"So the 600,000 figure was extrapolated from about 578 death certificates and an additional 50 something reported deaths."

Yes, this is what is known as statistical sampling. It's reliablility has been proven over many decades of use.

Do you doubt the methodology? Do you think that the researchers just made up the data? Do you think that the random sample of 1700 or so households just coincidentally had a death rate of more than double the national rate prior to the 2003 invasion?

"According to the researchers, the overall rate of mortality in Iraq since March 2003 is 13.3 deaths per 1,000 persons per year compared to 5.5 deaths per 1,000 persons per year prior to March 2003. This amounts to about 2.5 percent of Iraqi's population having died as a consequence of the war. To put the 654,000 deaths in context with other conflicts, the authors note that during the Vietnam War an estimated 3 million civilians died overall; the Congo conflict was responsible for 3.8 million deaths; and recent estimates are that 200,000 have died in Darfur over the past 31 months."

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scenebooster 7 years, 4 months ago

Whether you support the 600,000 figure or not, it's apparent to all that the death toll is in the six-figure arena, all in three and a half years.

Saddam was a bad guy (one that we supported with funds and weapons), but are we going to invade every country on earth with a bad guy in charge?

We support some of those bad guys RIGHT NOW.

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innocuous_posts 7 years, 4 months ago

Methodology in that study: "For the Iraq study, data were collected from 47 randomly selected clusters of 40 households each. At each household selected, trained Iraqi surveyors collected data on the number of births and deaths that occurred in the household between January 1, 2002, and June 30, 2006. To be considered a household member, the deceased had to have lived in the home at least three months prior to death. When interviewers asked to see a death certificate at households reporting a death, it was presented in 92 percent of instances. The survey recorded 1,474 births and 629 deaths among 12,801 people surveyed. The data were then applied to the 26.1 million Iraqis living in the survey area." So the 600,000 figure was extrapolated from about 578 death certificates and an additional 50 something reported deaths.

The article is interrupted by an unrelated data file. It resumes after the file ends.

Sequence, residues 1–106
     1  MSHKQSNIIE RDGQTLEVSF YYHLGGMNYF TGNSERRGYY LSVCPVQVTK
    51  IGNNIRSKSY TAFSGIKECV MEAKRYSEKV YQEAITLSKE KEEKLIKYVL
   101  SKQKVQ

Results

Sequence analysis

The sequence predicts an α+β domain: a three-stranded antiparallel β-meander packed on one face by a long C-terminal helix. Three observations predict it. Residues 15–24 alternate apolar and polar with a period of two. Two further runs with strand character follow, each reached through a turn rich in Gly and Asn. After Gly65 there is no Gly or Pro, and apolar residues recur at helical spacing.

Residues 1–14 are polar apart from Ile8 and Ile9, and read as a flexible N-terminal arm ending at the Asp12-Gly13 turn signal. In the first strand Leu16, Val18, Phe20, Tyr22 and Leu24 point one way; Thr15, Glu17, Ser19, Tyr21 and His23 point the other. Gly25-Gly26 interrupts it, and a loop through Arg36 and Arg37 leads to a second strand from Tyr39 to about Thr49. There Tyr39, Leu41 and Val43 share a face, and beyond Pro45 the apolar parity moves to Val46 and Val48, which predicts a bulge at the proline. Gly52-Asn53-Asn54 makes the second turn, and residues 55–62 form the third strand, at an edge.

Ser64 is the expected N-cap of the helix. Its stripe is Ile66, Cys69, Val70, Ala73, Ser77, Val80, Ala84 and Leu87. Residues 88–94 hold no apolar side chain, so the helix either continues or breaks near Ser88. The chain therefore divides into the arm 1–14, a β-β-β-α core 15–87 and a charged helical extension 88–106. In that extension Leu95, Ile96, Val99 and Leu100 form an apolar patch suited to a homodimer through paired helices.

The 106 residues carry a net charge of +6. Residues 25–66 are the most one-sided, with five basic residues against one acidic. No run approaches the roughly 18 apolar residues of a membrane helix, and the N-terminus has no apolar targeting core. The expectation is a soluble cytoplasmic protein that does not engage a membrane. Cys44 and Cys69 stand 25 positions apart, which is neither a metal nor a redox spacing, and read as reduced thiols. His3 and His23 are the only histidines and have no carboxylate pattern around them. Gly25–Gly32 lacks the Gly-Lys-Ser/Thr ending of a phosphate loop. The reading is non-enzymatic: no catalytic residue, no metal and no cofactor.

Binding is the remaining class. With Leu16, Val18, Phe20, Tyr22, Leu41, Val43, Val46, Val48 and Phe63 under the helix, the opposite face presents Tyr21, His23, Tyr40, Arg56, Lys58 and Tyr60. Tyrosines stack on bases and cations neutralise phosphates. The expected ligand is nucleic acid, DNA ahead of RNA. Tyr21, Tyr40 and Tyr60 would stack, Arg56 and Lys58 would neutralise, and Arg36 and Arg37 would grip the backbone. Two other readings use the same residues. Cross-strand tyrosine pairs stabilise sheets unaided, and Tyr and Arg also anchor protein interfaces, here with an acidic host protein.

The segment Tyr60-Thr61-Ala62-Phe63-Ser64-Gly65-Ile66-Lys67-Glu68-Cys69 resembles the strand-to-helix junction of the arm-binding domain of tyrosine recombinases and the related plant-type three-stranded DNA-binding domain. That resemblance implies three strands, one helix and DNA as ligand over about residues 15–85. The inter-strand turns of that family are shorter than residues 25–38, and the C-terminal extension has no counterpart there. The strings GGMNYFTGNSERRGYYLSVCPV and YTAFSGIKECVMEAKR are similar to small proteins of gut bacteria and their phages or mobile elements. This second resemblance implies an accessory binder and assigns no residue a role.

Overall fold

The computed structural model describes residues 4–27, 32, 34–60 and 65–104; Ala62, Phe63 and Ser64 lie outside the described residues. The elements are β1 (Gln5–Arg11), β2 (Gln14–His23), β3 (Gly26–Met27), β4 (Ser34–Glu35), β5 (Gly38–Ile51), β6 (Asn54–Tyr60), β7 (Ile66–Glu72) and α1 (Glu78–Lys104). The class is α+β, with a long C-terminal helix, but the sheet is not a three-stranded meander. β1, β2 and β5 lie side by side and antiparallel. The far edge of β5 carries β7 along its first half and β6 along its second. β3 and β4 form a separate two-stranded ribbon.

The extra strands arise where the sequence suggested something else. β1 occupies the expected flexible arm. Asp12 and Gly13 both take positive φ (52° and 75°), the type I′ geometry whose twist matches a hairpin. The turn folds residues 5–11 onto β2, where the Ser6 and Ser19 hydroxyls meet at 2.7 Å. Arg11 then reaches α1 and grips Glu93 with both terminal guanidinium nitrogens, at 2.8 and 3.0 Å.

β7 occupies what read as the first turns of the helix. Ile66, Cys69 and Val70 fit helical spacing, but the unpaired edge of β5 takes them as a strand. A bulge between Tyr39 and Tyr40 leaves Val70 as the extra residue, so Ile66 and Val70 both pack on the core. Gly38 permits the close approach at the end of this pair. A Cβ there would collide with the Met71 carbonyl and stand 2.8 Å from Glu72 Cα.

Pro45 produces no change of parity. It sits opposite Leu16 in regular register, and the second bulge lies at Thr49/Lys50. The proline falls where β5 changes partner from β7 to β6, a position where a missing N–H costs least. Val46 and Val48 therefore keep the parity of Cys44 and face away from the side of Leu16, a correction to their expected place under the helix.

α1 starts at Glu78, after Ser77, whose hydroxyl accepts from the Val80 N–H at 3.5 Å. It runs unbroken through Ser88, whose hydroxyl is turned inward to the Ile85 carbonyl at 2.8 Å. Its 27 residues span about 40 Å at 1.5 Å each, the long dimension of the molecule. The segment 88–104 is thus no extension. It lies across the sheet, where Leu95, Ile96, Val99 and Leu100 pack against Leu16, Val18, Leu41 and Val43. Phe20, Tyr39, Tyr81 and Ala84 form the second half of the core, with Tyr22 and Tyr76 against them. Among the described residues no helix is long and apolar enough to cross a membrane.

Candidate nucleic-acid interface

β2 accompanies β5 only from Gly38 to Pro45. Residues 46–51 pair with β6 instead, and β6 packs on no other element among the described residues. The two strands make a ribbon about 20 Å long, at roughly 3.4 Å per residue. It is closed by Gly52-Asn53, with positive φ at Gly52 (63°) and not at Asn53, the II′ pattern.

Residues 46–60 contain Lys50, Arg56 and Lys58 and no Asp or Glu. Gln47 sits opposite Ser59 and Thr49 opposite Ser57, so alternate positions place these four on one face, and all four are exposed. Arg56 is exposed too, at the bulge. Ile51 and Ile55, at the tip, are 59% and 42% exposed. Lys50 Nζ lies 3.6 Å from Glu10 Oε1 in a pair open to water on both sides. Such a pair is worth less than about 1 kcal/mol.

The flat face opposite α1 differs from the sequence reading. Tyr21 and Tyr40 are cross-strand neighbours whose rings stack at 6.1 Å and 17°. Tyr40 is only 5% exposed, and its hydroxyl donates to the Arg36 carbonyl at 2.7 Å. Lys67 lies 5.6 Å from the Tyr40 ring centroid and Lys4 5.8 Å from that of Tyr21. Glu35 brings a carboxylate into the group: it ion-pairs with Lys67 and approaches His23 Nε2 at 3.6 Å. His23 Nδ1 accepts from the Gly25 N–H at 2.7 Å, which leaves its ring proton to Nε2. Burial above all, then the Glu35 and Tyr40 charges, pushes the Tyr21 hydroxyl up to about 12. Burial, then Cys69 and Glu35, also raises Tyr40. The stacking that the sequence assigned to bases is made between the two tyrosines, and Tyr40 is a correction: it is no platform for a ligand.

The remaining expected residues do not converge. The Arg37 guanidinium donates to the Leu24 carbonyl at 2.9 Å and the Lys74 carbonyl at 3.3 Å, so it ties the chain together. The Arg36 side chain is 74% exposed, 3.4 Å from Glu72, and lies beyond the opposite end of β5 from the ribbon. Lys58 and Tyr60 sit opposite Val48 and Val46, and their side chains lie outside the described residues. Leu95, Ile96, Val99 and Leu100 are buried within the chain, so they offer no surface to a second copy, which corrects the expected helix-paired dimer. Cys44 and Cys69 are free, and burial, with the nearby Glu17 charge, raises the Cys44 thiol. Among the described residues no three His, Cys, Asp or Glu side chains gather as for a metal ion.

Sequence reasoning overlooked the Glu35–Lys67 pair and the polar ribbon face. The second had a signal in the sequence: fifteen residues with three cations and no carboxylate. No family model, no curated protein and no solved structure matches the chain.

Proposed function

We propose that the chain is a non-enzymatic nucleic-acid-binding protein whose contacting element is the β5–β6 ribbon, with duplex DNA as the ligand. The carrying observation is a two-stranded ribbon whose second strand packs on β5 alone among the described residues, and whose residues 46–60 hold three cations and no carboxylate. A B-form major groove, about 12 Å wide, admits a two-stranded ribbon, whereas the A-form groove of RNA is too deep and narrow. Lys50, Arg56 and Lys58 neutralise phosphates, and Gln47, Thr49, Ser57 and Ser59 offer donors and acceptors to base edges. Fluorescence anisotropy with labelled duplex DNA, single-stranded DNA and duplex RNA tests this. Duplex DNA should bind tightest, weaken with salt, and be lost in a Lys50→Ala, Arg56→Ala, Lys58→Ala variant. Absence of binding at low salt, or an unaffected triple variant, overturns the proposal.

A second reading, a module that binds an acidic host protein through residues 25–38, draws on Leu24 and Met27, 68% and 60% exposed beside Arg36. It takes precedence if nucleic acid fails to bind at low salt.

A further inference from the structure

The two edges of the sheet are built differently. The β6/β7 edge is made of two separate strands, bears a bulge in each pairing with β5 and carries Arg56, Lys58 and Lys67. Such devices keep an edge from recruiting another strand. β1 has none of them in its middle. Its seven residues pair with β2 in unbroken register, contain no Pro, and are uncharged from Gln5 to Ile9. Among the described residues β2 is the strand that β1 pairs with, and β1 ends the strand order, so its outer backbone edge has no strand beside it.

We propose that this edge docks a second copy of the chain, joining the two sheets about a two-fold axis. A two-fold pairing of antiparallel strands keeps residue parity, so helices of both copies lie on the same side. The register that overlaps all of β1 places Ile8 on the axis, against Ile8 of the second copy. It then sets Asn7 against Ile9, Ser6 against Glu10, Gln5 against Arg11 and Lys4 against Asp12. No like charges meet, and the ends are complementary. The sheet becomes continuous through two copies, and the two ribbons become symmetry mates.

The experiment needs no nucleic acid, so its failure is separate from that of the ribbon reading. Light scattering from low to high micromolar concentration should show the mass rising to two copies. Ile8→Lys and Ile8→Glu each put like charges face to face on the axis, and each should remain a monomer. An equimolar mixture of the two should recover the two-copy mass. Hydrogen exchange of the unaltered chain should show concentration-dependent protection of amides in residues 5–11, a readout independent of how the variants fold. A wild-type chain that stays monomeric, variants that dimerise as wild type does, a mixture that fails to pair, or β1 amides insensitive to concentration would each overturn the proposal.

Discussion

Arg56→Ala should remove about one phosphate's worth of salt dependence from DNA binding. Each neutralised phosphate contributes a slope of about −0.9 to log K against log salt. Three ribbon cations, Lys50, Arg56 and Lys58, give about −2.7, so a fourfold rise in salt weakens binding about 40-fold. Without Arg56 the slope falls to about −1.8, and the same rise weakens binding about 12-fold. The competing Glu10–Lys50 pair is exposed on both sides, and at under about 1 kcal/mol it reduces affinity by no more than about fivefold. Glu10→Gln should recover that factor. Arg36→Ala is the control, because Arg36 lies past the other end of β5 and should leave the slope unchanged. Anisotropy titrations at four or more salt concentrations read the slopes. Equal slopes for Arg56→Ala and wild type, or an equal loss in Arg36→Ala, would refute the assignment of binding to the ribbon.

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innocuous_posts 7 years, 4 months ago

Could we get a citation on the 600,000 deaths figure?

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just_another_bozo_on_this_bus 7 years, 4 months ago

" but according to the yammering lefties on here, we should have left his ugly personage in power. "

Let's see, 250,000 Iraqis died in 20 years under Saddam, but 600,000 have died in 3 1/2 years under BushCo, and the violence is getting worse, not better. So, yea, most of them clearly would have been better off if Saddam had stayed in power, as bad as that would have been.

"but what Saddam did in Iraq (Kurds/Shiites) was much worse than the disaster in Darfur."

And Reagan/Bush/Rumsfeld were chummy with him before and after facililitating his doing it.

"and, note, apparently Saddam had WMD's at the point of this story's events. he had them until late '02."

No, it's not apparent at all. The almost universal consensus among those who know anything about it is that whatever they had was all destroyed by 92.

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bearded_gnome 7 years, 4 months ago

Saddam responsible for the deaths of more muslims than any other figure in history. but according to the yammering lefties on here, we should have left his ugly personage in power. some of them call for intervention in Darfur, but what Saddam did in Iraq (Kurds/Shiites) was much worse than the disaster in Darfur.

and, note, apparently Saddam had WMD's at the point of this story's events. he had them until late '02. so, our intel wasn't wrong after all. even then, saddam's generals believed they'd have WMD's to fight the coming american/brit attack until he informed them otherwise in December '02 (re "the saddam tapes).